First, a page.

All because of a letter to Santa
There's that ad on the telly to discourage you buying a pet for Christmas - a dog is not just for Christmas.
Be careful what you wish for.
Oh, and number three: Dickens wrote fiction.
It started at the end of November, my little dipstick of a brother watched A Muppet Christmas Carol on the gogglebox and thought it was brilliant. (So do I, but that's another tale to grab hold of.) He particularly loved Marley, rattling his chains, and the Ghost of Christmas past. He loved the idea of flitting through time, in your nightshirt, like Dr Who in slippers and dressing gown. So, when he came to write a letter to Santa, he asked for all the usual: Lego, more Lego, a book about dinosaurs and, as a p.s., an Xmas ghost. He signed it, 'Love Timmy', addressed it to Santa in Lapland, stamped it and dropped it in a post box.
I don't know about your neck of the woods but in Great Britain, if you send a letter to Santa, by the Royal Mail postal service, and it has your address on it, then you will get a reply. For real. In the post. So, when a letter came for Timmy, he was a bit over excited. He danced around the lounge waving his bit of paper, believing every carefully crafted genetic word. It promised that Santa would do his best. Mum rolled her eyes. Dad rattled his newspaper. Mum and Dad, aka Father Christmas, did their best. Tim got a Haunted Castle Lego set. Ho hum. But he was as happy as Larry. At least it got him out of my hair and I could face time on my new phone without him making a grab for it.
Unlike the States, the Christmas holidays run from Christmas Eve to the day after New Year's Day. Inclusive. Between those days, factories close down and half the country takes a break from the office. So Mum and Dad were at home, getting heartily sick of turkey and dictating the telly programmes. Which explains why we didn't notice that flipping Lego mini ghosts kept popping up in odd places. Tim kept accusing me of adding rooms to his Haunted Castle. As if. Whatever. The only Lego I touched was with the sole of my foot in the middle of the night when I was unscrewing the lock on the booze cupboard. My yelp brought Dad downstairs and I lost my phone for a week. Not cool.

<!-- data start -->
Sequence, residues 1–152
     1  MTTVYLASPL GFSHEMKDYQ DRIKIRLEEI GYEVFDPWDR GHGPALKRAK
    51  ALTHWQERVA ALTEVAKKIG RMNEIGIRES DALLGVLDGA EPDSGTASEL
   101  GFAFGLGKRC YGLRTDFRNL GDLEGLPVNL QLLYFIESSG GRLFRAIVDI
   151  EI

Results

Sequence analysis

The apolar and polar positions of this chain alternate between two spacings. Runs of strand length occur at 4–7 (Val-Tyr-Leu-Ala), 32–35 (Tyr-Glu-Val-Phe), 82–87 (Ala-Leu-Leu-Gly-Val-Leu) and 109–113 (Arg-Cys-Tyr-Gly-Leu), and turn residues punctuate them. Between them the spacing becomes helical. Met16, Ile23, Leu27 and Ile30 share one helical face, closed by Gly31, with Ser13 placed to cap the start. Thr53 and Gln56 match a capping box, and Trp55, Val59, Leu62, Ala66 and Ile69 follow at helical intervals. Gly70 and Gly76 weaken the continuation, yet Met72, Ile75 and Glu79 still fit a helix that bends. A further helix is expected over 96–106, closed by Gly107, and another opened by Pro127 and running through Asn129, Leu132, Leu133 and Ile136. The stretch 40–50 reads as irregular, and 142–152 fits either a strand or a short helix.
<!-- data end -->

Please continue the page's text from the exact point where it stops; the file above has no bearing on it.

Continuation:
By the time the new term started, there seemed to be three times as many Lego mini ghosts as before and Tim was in a sulk because someone had dismantled his Lego Monster Thing and his Haunted Castle had a secret room that he knew was there but couldn't find. Like I said. Dipstick. So he challenges me to find the room. I could see it but be blowed if I could get into it. The castle gained another tower and the green mini ghosts made an appearance. Mum was the one who noticed that they glowed in the dark. The castle gained an outer bailey. It couldn't get any bigger because Tim's Lego box was empty.
That's when the red Lego big ghouls put in an appearance. The first was in the fridge, sat on the cheddar. Mum says she screamed because it grinned at her. Dad said it was because she trod on a couple of six pin bricks. Yeah. Right. Then another toppled out the cupboard just as I was raiding the crisps stock. It banged my head, so I batted it away and it smacked into the kitchen wall and shattered into a zillion pieces. Instant kharma. Until the bits crept back together again and reformed another ghoul. I was too freaked to move. Especially as a couple of bricks had gone missing and there were gaps in it. It sort of lurched. Like a zombie. I went to stomp on it. Then thought, 'Lego. Bare feet. Zombie.' Time to leave a hole in the air.